Can You Cover an Old Wood Deck With Porcelain Tile?

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A wooden deck is a great addition to any house, but sometimes the old wood has a rough appearance that is less than appealing. Porcelain ceramic tiles provide a variety of design options to turn dull concrete patios into attractive outdoor living spaces. But can you cover an old wood deck with porcelain tile?

Types of Porcelain Tile

  • Porcelain tiles are classified by various grades according to purpose; some are suited only to interior walls and floors. Outdoor porcelain tiles are made to withstand temperature changes and have non-slip surfaces, since the environment is expected to frequently have a cover of moisture.

Deck Construction

  • Deck surfaces are constructed of a series of adjacent boards of pressure-treated lumber. Each board is placed up to a half inch from the neighboring boards to allow for natural expansion of the wood and for water to quickly flow through the boards. Each board is placed with the natural curve of the lumber facing upward. This creates a small and barely noticeable slope for the water to flow away from each board.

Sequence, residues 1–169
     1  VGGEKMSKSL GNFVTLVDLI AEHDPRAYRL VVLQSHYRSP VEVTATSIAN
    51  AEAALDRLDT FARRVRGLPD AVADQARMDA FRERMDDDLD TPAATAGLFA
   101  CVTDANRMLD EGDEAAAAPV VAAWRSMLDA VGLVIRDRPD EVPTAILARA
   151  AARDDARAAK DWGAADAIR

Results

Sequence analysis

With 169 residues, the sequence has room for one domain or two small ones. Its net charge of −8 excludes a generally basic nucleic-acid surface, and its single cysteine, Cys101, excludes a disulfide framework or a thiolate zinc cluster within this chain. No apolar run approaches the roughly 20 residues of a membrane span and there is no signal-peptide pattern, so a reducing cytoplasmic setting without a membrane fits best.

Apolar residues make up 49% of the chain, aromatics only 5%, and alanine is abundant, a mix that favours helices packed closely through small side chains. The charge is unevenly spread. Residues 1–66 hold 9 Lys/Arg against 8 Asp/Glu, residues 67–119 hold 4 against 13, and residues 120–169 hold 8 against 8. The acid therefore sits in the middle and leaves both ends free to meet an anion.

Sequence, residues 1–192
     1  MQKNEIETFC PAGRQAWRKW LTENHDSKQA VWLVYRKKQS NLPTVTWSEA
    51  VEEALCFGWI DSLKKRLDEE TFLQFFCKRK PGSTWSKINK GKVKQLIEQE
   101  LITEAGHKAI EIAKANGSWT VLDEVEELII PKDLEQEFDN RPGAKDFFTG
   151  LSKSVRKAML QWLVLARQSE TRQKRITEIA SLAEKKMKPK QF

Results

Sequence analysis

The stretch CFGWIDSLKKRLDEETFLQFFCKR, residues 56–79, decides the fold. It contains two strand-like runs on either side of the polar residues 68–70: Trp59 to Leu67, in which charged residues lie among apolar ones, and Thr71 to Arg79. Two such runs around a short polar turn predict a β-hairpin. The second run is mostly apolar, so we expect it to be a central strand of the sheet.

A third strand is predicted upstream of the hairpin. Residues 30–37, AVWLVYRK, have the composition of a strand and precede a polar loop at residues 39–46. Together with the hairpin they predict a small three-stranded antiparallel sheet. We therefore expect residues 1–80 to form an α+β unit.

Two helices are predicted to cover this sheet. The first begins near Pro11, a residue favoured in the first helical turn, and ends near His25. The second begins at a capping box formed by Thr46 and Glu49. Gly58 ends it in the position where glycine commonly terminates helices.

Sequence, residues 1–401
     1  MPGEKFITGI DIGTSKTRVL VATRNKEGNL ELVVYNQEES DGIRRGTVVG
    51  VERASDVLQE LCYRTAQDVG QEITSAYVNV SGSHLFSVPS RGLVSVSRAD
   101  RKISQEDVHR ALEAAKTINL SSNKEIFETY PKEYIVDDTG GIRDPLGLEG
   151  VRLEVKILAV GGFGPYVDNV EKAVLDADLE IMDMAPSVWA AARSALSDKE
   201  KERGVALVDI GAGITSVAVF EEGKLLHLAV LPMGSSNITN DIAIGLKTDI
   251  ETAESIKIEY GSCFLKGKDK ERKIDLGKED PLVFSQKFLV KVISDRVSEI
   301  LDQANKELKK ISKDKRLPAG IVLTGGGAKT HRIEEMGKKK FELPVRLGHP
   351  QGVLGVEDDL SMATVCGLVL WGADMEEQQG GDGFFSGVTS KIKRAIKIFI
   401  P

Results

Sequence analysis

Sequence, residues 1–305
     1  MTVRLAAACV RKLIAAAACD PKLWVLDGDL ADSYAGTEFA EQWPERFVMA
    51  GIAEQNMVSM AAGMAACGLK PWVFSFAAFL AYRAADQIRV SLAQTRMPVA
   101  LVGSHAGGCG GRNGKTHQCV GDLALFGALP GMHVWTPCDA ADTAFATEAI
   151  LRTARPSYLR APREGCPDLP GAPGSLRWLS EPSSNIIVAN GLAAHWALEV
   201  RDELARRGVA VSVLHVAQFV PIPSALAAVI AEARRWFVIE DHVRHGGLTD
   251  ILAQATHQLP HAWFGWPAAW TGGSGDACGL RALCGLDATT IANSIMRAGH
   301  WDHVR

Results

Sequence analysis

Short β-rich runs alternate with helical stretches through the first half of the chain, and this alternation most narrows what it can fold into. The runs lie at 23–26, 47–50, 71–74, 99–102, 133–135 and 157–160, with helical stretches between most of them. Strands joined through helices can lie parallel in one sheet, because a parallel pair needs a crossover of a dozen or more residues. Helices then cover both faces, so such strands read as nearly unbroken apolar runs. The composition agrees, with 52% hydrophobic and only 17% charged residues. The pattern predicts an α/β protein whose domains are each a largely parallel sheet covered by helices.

Porcelain Tile Installation

  • All tile installation, including porcelain tiles require a solid and flat surface. If tiles were to be installed on a surface that was not level underneath each tile, the tiles would crack or split when any weight came upon the tiles, such as a person walking across the surface. Each tile needs a solid surface for the adhesion of each tile to the underlying surface and for the grout.

Installing Porcelain Tile on a Wood Deck

  • The surface of the deck is not suitable for tile installation as it is not perfectly even and has gaps that do not provide a solid surface for the mortar and grout. The solution is to add a cement backer board to cover the decking. Backer board is resistant to moisture and easy to install on the deck's surface. Cement backer board has a slightly rough surface that provides a good surface for the mortar to hold tiles in place.

Grout Selection Tips

  • Choose a dark colored mortar and grout to hide dirt that will always find it's way to the porcelain tile floor. If you are in Oklahoma or other areas with red clay in the soil, choose a dark rust color.

Safety Warning

  • Always wear safety glasses when cutting concrete backer board and porcelain tiles.

References

  • Photo Credit Ryan McVay/Photodisc/Getty Images
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